Delays in granting PPP loans affect the contractor group

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A national group of contractors continues their battle to advance the process of the federal government considering applications for credit relief for the Paycheck Protection Program.

the Associate General Contractor of America sued the U.S. Small Business Administration in December and filed with the agency this month for the Freedom of Information Act on the program designed to help small businesses weather the pandemic and retain their employees. If 60% of the money is used for wages and benefits, the 1% two-year loans can be waived. Loans granted after June 5, 2020 have a term of five years.

However, AGC officials say the award process is taking too long and is being done in secret for PPP loans over $ 2 million.

“We have several anecdotal reports of $ 2 million loan waiver requests pending since last September, even August,” said AGC attorney Mike Kennedy. “So you’ve been pending for a long time.”

The litigation began over a questionnaire that the SBA had to fill out for forgiveness from PPP borrowers with a volume of over $ 2 million and also to determine whether they were even eligible for the loans. AGC said the nine-page “Loan Requirement Questionnaire” focuses only on borrowers’ current financial conditions and not those that implemented the loan program in March and later supplemented with the Covid relief passed by Congress in April. The program again received additional funding from Congress in December.

The initial PPP loan applications were designed to be simple to get quick relief for businesses. The application only required the company to operate through February 15, employ staff on whom it paid wage tax, and certify that “the uncertainty of current economic conditions required the loan application to support the day-to-day business of the eligible recipient power”.

In the months following the introduction of the program Fraud allegations surfaced and also that money went to big companies. The SBA began to crack down.

AGC says that at the time the program was launched, contractors and other businesses were facing possible future conditions similar to, or even worse, the Great Recession.

“The fact is, the vast majority of the people I spoke to applied in early April,” Kennedy says of the PPP loans. “And the truth is, nobody knew how the year would end. So we felt like SBA came in retrospect and tried to blame people for not having a 20/20 in hindsight. “

Since the complaint was filed, the SBA has published the questionnaire and added a frequently asked questions section to its website. The agency also gave the questionnaire a 60-day public comment period. But that’s where the AGC says the openness stopped.

“We’re sitting here today,” says Kennedy, “they’re still reviewing the comments they got on the form. And they haven’t made any public commitments to make changes to the form.”

Meanwhile, the lending process for loans over $ 2 million is dragging on. “That delay has become a growing problem,” he says. “We believe SBA should be transparent about how long it takes to process these applications, and it isn’t.”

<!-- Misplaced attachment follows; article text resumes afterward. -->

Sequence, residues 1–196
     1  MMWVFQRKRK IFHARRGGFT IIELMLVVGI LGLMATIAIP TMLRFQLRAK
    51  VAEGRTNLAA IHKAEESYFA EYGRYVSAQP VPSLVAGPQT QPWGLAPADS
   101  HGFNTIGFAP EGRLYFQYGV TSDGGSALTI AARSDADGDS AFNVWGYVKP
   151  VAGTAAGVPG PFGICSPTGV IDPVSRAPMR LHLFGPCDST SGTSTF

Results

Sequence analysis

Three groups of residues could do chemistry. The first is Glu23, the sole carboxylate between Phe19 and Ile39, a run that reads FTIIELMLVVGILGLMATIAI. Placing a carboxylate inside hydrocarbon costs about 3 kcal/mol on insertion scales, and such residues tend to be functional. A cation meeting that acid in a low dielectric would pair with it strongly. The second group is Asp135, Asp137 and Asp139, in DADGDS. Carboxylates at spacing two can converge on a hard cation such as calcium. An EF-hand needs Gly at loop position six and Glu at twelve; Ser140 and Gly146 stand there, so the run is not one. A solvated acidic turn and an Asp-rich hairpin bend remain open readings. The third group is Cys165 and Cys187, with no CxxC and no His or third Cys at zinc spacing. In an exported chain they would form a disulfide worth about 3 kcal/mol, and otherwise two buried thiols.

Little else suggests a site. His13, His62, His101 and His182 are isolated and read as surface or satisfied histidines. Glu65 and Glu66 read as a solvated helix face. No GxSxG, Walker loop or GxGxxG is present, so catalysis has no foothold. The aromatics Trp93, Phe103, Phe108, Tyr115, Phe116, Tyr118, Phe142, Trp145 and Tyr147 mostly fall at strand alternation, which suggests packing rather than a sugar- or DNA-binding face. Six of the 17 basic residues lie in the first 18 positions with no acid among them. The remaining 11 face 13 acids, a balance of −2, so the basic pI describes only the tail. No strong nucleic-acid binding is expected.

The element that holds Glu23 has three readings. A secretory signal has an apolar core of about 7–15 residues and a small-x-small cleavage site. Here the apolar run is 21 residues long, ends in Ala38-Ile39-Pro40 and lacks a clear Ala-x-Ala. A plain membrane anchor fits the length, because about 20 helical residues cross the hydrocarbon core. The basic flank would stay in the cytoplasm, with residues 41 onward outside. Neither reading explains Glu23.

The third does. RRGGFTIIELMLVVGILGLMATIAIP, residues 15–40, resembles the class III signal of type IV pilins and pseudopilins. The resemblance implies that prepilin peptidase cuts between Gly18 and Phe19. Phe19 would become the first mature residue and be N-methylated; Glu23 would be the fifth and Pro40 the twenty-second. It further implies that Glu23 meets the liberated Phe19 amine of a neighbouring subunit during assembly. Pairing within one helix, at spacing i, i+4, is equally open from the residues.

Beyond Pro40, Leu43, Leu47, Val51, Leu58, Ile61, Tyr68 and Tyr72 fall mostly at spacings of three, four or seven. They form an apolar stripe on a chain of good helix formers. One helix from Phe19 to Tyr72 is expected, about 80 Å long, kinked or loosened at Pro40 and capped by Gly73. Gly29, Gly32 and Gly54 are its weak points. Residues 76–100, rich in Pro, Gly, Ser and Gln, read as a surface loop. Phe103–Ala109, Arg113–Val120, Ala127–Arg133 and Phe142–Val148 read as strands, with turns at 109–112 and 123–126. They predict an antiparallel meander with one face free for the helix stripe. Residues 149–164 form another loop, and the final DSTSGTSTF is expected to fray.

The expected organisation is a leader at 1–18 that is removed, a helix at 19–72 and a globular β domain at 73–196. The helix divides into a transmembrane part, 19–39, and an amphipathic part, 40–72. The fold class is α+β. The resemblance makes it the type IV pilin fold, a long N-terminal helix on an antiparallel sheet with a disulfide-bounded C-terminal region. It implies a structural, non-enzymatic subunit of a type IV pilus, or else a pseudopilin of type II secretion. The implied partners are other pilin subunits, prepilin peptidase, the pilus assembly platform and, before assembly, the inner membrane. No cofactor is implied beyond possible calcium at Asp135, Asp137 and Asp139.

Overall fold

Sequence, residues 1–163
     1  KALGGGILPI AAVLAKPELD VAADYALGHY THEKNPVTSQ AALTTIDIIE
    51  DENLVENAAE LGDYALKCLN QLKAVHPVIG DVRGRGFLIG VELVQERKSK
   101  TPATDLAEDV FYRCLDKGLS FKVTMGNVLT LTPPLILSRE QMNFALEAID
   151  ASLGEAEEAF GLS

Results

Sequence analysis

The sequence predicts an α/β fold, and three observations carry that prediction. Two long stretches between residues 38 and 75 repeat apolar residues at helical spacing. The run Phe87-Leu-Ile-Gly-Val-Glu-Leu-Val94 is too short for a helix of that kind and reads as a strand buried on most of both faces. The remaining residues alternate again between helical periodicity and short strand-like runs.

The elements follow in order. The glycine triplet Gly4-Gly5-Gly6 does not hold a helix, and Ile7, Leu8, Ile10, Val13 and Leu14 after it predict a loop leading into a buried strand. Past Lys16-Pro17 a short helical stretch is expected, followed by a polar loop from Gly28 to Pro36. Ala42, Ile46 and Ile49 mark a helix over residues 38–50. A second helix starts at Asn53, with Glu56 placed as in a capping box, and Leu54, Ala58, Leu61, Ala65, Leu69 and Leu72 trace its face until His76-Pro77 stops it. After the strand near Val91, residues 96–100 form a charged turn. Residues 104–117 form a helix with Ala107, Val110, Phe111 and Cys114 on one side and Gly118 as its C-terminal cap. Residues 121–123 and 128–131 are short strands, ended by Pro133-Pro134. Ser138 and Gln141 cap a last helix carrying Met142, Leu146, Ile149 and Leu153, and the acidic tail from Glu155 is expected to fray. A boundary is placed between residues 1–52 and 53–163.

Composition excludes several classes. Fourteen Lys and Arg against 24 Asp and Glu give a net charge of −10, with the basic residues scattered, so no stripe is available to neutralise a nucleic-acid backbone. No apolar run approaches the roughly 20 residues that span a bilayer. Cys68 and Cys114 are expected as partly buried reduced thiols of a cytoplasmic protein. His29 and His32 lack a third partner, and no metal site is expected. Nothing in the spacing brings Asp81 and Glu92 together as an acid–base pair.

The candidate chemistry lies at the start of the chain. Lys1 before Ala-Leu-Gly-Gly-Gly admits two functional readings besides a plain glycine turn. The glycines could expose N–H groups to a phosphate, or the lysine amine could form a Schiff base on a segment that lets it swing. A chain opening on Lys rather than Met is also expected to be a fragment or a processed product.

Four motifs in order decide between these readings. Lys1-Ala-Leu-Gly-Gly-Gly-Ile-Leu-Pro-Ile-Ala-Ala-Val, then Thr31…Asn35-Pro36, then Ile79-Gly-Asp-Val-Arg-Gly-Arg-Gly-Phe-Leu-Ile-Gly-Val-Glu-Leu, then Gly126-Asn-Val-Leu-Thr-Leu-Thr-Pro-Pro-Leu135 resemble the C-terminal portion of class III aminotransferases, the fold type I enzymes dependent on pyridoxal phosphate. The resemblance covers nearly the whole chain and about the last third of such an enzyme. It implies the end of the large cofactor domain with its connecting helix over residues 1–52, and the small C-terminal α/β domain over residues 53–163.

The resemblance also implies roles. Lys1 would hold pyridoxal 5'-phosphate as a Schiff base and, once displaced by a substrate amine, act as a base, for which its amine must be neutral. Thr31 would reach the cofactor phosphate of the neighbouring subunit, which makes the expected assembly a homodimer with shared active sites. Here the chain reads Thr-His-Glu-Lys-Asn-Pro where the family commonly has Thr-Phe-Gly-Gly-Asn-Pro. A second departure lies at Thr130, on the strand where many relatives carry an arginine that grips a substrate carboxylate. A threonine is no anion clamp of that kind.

The AGC’s May 10 FOIA inquiry is looking for details of the loans approved and the loans made to see if there are any differences in time and procedure for those under and over $ 2 million. It also asks for the forms required by borrowers about which loans have been approved and denied, including information on how to deal with the forgiveness ratings.

AGC also believes that the SBA has hired a private company to assist in any way with the process and would like to know the details of that company’s responsibilities and instructions.

The SBA has 20 days to respond to the request. If that fails, says Kennedy, the AGC is ready to continue fighting by filing an action in an administrative court and, if necessary, in a federal court.

Kennedy says the goal of the AGC is to ensure that the award process is based on the certifications the contractors received when the loan was originally applied for.

“Right now we don’t know what we don’t know about how they are handling this process,” he says. “And so I would say that our short-term goal is to achieve more transparency. If the SBA is convinced of its decisions, I don’t know why they would hesitate to disclose them.”

Brian Turmail, AGC vice president of public affairs and strategic initiatives, says the delayed lending has created uncertainty among contractors. “Our members should not be penalized for not having a time machine to travel with and see into the future when submitting applications for a program that is supposed to provide immediate assistance.”

The SBA did not respond to a request for comment.

PPP loan applications were accepted by the SBA through credit institutions until the program ran out of funds on May 4th. This also applies to secondary loans for certain companies that had received previous PPP loans. Forgiveness is also requested through the credit institutions. (For more details about the SBA program, click here.)

The SBA reports that as of May 16, it has approved 11.2 million loans totaling $ 788 billion. With 12%, the construction industry is the second most important recipient of PPP loans in 2021, behind accommodation and gastronomy with 15%.

In 2021, $ 266 billion worth of loans were approved, with the average loan size being $ 44,000.

Here is a breakdown of these loan amounts as provided on the SBA website:

US Small Business Administration

Here is a breakdown of the credit relief dates as provided on the SBA website:

PPP Lending SBA ChartUS Small Business Administration

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